As part of my usual CES vendor visits, I caught up with QNAP and took a look at the new products and QTS features slated to enter the market over the next couple of quarters. The products that caught my eye included a new series of Thunderbolt-enabled NAS units, a couple of products targeting the IoT / residential wireless gateway space, a NAS unit with an optical drive slot, and a 16-bay Xeon D NAS in the tower form factor. On the software side, QNAP also demonstrated a new QVR Pro Surveillance Station integrating the Surveillance Station package into the QTS OS along with a host of improvements. The DJ2 Live live-stream broadcast platform was also in action at the booth. I won't go much into the software announcements - Interested readers can refer to the press release, and there really is not much to add beyond that on those aspects.

Thunderbolt NAS Units

We last looked at QNAP's offerings in our coverage of their TVS-x82T launch back in May 2016. One of the questions I had asked at the launch event was about the non-availability of Thunderbolt 3 (the TVS-x82T series came with Thunderbolt 2 ports). At CES 2017, QNAP introduced the first set of NAS units with Thunderbolt 3 support - with the TVS-1282T3 being the flagship in that segment. Sporting 8x 3.5" bays and 4x 2.5" bays along with 2x M.2 SATA SSD slots, the unit can be configured with either a Core i5-7500 or Core i7-7700 CPU. Available I/Os include 2x Thunderbolt 2 as well as 2x Thunderbolt 3 ports, 2x 10GBASE-T and 4x GbE network links, five USB 3.0 ports (one in front, four in the back), two microphone inputs, and two speaker outputs as well as a 3.5mm audio line-out. There are four SODIMM slots, allowing end-users to configure the system with up to 64GB of RAM.

QNAP also introduced the 2.5"-only TVS-882ST models - The TVS-882ST2 has Thunderbolt 2 ports, while the TVS-882ST3 has Thunderbolt 3 ports. Unlike the flagship TVS-1282T3, these units use the high-end Skylake mobile CPUs (Core i7-6700HQ or Core i5-6442EQ). The brochure for the TVS-882ST series also brings out the two Thunderbolt usage scenarios - as a direct-attached storage unit (with the expansion units allowing as much as 400TB to be accessed directly), or a 10Gb switch (with the virtual switch feature that can act as a Thunderbolt to Ethernet converter) to create a 10Gbps interface for the system connecting to it. The second feature makes a separate Thunderbolt to 10Gbps converter unnecessary.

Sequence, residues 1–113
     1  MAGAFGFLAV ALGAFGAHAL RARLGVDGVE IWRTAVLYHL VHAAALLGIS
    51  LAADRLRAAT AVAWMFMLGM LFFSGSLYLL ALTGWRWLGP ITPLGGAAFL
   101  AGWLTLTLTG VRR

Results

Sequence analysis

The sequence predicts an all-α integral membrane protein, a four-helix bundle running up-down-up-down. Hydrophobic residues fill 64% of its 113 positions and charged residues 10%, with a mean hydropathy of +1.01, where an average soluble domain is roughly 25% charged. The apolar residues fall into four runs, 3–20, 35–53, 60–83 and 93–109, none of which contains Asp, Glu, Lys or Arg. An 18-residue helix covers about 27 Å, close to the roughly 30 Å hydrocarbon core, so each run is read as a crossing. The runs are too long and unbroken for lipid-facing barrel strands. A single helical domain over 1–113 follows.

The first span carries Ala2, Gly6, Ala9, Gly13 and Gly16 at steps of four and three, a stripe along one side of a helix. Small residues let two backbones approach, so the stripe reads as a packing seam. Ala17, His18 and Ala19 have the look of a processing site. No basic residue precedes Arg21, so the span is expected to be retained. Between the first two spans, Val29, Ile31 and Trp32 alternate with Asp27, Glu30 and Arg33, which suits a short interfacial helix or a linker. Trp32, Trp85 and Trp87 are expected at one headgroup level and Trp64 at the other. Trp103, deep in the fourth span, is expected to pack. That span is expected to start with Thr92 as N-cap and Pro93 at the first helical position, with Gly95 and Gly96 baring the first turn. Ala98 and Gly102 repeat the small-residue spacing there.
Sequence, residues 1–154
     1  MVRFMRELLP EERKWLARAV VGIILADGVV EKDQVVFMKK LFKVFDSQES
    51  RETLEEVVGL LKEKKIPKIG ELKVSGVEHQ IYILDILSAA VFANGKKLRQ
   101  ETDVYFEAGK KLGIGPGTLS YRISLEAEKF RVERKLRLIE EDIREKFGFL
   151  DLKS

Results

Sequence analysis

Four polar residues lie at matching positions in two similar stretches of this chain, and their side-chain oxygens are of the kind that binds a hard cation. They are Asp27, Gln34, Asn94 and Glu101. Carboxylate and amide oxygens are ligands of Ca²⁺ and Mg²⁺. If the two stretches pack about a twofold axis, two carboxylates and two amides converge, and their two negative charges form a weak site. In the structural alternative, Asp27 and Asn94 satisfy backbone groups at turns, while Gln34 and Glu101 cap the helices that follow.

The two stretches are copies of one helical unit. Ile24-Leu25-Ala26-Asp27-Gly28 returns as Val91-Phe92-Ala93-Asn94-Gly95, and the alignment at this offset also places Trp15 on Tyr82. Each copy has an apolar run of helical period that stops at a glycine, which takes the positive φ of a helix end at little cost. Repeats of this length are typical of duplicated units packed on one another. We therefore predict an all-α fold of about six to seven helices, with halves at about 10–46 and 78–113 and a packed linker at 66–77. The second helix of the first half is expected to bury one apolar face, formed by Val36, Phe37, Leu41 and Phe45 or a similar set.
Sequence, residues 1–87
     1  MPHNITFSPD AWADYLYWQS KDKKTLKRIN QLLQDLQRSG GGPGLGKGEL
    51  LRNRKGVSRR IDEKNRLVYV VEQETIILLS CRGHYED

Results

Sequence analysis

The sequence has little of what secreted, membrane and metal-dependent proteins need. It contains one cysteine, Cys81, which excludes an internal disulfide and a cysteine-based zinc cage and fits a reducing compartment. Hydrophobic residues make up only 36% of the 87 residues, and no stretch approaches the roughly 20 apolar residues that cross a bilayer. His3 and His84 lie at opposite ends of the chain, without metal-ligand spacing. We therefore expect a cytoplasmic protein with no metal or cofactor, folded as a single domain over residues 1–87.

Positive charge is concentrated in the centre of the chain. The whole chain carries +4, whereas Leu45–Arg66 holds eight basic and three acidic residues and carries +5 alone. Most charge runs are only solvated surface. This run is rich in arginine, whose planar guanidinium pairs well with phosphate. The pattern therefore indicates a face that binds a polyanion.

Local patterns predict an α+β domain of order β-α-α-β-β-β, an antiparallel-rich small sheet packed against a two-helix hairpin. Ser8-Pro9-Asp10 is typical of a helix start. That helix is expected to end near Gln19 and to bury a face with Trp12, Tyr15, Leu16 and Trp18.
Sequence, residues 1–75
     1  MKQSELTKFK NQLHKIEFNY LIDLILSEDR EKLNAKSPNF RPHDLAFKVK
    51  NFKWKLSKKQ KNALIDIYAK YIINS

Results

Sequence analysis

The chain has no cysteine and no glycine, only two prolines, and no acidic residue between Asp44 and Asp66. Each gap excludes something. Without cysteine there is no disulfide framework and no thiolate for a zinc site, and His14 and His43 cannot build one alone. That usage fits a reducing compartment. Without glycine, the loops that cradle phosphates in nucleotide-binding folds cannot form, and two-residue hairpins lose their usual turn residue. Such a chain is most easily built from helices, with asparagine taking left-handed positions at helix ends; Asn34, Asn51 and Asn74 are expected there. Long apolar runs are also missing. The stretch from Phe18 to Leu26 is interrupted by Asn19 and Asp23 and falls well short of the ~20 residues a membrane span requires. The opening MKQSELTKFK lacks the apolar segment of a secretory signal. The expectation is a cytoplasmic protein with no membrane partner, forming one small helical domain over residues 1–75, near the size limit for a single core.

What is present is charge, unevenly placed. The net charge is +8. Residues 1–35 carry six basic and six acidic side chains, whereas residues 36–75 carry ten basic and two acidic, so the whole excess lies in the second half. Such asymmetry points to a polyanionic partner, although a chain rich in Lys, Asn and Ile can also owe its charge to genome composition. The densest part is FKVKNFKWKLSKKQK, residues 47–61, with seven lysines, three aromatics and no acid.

Detailed specifications of the units in both series, as well as some of interesting information from QNAP's product brochures are reproduced in the gallery at the end of this piece.

NAS with Blu-ray Writer Support

The TVS-882BR is a 8-bay NAS with a SATA expansion bay that can either support two slim optical drives or one 5.25" optical drive. It is based on a Kaby Lake platform, supports PCIe NVMe SSDs and also two M.2 SATA SSD slots. There are three PCIe 3.0 expansion slots and three display outputs.

The device is intended for use-cases where data on the NAS needs frequent backing up to optical media. The specifications of the various members in this lineup are summarized in the gallery at the end of this piece.

16-bay Xeon D NAS

The TS-1685 lineup is one of the most comprehensive set of Xeon D-based COTS NAS units in the market today. There are nine different tower models carrying either the Xeon D-1521 or the Xeon D-1531, with choice of either ECC or non-ECC DDR4 RAM. Based on demand, QNAP indicated that versions using Xeon D-1548 could also make it to the market. Some units carry a 550W internal PSU (instead of 250W), and can support a discrete GPU such as the AMD Radeon RX480. This is particularly useful for GPU compute, as well as a 3D accelerator for virtual machines.

There are a total of twelve 3.5" bays and four 2.5" bays. On the board, there are six M.2 SATA SSD slots (supporting 2242 to 22110 form factors) with heat sinks on top as well as thermal pads at the bottom. There are four GbE ports and two 10GBASE-T  ports. The three spare PCIe expansion slots (two 3.0 x8, one 2.0 x4) can be used for 10/40 GbE adapters, discrete GPUs, PCIe NVMe SSDs or USB 3.1 Gen 2 cards.